A patient who did not want her identity revealed said she had got her breast implants done at a Greater Kailash-II clinic by a well-known plastic surgeon. Evidently, it was a hurried job for which she had paid Rs 1.5 lakh. Later, she approached Dr Kapoor for the repair job.
“The implant had obviously not been put in the right place and even my husband noticed that it was almost touching my neck. The implant became lumpy, took the shape of a capsule shortly afterwards. To make matters worse, I had shooting pain for weeks. Once I was opened up at the Saket clinic for the revision surgery, I was shocked to see the collection of pus. Severe infection that had set in,’’ the patient told The Indian Express.
While no scientific study has been conducted in India on the side-effects or risks of breast implant surgeries, there have been many studies abroad. The world over, implants are used for either size augmentation or for reconstruction of the breast after mastectomy or any other damage to the breast. A third category has now been added — that of “revision surgery” for correction of the original breast implant surgery.
It was in 2006 that the US Food and Drug Administration (FDA) approved sale of silicone implants of companies like Allergan and Mentor, saying there was no direct link between the implantation and cancer. But it made it incumbent upon the companies to enter into an adverse events summary reporting programme with them. Currently, the FDA mentions capsular contracture, breast pain, rupture with deflation and silent rupturing as some of the “complications and adverse outcomes” of breast implants. More than a decade after the 2006 FDA report, studies (from 2013 to 2017) have concluded that there is an association between breast implants and systemic illness. Significantly, the FDA’s current page on the risks of breast implants finds that it has not detected any association with systemic
illnesses but “in order to rule out these and other complications, studies would need to be larger and longer than those conducted so far…”
A study by the ICIJ as part of the Implant Files investigation shows that as far as the US FDA’s Manufacturer and User Facility Device Experience (MAUDE) reports on breast implants are concerned, there has been an upsurge in adverse reports in the past two years. MAUDE is a database which houses medical device reports submitted to the FDA.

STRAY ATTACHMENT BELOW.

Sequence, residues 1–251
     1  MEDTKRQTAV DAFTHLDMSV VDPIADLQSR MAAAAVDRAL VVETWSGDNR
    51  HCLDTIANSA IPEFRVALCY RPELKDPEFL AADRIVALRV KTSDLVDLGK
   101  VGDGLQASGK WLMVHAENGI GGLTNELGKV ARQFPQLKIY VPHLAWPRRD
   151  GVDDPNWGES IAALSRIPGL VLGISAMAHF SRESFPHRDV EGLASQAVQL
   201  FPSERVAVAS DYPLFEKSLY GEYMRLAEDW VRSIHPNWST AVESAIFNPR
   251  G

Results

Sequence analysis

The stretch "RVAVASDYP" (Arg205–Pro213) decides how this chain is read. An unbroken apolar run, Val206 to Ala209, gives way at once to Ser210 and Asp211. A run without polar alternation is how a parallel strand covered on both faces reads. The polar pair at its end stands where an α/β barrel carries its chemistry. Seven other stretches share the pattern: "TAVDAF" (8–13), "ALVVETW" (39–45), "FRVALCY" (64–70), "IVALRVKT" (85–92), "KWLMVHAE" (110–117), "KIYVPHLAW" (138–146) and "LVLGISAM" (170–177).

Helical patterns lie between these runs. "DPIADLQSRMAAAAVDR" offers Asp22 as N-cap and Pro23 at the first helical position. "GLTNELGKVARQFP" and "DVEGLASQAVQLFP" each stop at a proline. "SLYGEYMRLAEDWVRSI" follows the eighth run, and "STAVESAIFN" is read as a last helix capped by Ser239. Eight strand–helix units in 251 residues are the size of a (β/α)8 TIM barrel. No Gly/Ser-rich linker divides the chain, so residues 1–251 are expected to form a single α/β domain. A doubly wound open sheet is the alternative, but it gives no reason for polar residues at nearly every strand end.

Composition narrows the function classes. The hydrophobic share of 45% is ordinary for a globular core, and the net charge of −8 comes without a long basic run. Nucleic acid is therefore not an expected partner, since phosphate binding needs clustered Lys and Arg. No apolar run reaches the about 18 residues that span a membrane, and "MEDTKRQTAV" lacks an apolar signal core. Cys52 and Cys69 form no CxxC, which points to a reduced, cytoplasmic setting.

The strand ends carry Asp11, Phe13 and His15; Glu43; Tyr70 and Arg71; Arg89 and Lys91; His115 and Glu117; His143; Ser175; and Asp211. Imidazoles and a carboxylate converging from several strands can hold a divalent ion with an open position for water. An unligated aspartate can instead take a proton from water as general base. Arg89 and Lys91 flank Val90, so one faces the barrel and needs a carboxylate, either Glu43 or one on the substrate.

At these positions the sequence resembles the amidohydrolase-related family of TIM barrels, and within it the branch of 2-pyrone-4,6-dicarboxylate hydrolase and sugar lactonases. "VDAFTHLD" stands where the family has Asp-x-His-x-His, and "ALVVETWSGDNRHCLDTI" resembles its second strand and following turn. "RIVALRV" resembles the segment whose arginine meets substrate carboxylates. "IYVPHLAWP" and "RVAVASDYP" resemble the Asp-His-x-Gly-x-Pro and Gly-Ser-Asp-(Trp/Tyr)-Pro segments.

Data on breast implants show that from 408 adverse event reports in 2006, the number went up to 4,756 in 2017. And until June of 2018, the number had climbed to 8,371. Figures put out by the International Society of Aesthetic Plastic Surgery, show that India ranks seventh among the top ten countries in 2016 for overall breast procedures, which includes saline implants, breast lifts and reductions as well as breast implant removals. The total number of breast procedures recorded for India was 92,960.
While international health advisories on sale of breast implants remain vague, this is one area which is largely unregulated in India. The Central Drugs Standard Control Organisation (CDSCO) maintains no list of licensed Indian or foreign manufacturers which have put their implants on the shelf in India.
Top distributors say both Mentor and Allergan stopped distributing in India due to poor sales. Two companies currently distributing are Motiva and Eurosilicone and they together account for sales of around 1,000 pairs of breast implants annually. Then, there is a huge quantum of “grey area” sales with Chinese and Korean products flooding the market.
A D Mathur, director of Myovatec Surgical Systems Pvt Ltd, the distributor for Motiva implants, says: “I have been dealing in breast implants since 1984 and can say that the business is growing, but very gradually.’’ Namita Kumar, who heads Bengaluru-based Apex Marketing which distributes Eurosilicone implants, says: “We have been dealing with breast implants since over two decades and in the first year, we sold just one pair. Now we are doing 500 pairs a year and there is definite spurt in sales. Implants are now being gifted as Valentine’s Day gifts, but the problem is that even dermatologists and gynaecologists are performing surgeries. Guidelines need to be tightened urgently.”
Several prominent plastic surgeons told The Indian Express that they have taken up the subject of only members of their fraternity performing surgeries with their All-India associations but no formal guidelines have been issued. Dr Manoj Khanna, Chairman of Enhance Clinics and president of India Association of Aesthetic Plastic Surgeons, says: “We have taken up this subject but at present, there is no legislation to prevent any doctor from doing a surgery like breast implantation.”